There are several areas of law that taken into account for purposes of regulating the Internet:
Because messages can be transmitted between countries which may have very different laws, determining the laws that govern your actions would be difficult. However, by maintaining one set of standards for the virtual "place" called the Internet, you can more easily determine the laws that are applicable to your actions.
The basic justification for copyright protection is that giving a special property right to control the reproduction and distribution of works to authors will increase the supply of such works because authors have a financial incentive to engage in the creative process. One of the features of the Internet is its capacity to allow authors to convey their work instantaneously to the world. With this advantage comes the burden of regulation and protection. Content on the Internet is also subject to the laws of copyright.
The Internet is also viewed as a marketplace with a distinct economy. Rights to Internet access and consumer protection provide reason for enacting such laws to ensure the all citizens have unimpeded rights to access without a monopoly of one access provider and the creation of Internet-based lawmaking institutions.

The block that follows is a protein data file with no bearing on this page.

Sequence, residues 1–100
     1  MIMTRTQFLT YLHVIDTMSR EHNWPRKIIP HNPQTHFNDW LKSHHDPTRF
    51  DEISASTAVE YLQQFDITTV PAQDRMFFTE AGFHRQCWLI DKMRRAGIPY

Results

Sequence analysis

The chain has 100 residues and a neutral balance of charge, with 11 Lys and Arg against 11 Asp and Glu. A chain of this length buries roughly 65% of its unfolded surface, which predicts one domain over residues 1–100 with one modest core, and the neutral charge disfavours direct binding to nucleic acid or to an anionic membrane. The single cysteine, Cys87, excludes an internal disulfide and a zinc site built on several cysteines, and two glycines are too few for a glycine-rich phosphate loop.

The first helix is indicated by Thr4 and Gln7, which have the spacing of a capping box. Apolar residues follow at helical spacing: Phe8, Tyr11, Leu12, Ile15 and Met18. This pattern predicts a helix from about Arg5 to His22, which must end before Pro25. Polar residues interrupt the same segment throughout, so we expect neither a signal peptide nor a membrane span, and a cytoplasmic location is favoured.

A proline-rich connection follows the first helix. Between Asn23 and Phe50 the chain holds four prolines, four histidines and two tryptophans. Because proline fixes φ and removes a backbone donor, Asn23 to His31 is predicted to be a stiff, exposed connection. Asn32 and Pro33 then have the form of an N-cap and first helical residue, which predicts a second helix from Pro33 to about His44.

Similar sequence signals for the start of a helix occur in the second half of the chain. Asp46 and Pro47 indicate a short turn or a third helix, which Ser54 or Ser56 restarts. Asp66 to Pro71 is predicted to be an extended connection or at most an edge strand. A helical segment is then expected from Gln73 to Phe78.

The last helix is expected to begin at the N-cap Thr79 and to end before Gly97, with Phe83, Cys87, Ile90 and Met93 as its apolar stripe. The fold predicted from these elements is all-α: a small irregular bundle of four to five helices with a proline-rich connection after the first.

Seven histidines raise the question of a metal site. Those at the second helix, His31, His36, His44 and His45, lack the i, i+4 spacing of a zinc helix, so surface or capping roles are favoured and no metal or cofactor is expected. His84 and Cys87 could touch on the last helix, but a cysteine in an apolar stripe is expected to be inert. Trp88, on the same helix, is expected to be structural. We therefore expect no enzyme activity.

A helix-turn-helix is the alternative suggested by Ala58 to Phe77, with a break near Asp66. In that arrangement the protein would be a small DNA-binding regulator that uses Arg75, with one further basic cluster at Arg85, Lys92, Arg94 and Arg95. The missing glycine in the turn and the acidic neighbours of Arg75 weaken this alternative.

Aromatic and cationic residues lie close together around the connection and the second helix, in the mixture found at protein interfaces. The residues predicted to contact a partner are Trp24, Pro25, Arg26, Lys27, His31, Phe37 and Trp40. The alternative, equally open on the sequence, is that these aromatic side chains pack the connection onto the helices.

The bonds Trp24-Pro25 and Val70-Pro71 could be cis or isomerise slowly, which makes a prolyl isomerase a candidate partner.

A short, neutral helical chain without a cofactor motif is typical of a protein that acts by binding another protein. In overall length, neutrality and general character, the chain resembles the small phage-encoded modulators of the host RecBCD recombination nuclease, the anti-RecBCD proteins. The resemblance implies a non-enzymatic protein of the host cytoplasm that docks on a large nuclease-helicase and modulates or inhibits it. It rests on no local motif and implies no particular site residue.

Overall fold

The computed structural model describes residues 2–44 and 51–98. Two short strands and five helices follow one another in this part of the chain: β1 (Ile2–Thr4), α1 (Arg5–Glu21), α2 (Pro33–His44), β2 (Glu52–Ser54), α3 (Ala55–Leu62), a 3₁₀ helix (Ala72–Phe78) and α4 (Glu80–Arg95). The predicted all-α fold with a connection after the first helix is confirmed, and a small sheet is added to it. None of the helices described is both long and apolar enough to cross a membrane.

Domain names are critical for identification purposes. Just as brand names act as source identifiers in trademark law which require the protection of the reputation developed through use of the brand name, domain names require similar protection. Without such regulation, consumers are likely to become confused as to what products come from what sources on the Internet.
Legislatures are slowly catching up with the advances in the Internet. Laws regulating cyberspace activities are popping up frequently, and a good lawyer can keep you apprised of the new laws regulating business on the Internet to insure that your business conforms. An attorney can also help you if you feel you have been a victim of an Internet scam or cybersquatting. Further, an attorney can research domain names and trademarks, or pursue a lawsuit for trademark infringement.
Last Modified: 09-02-2011 02:28 PM PDTLaw Library Disclaimer
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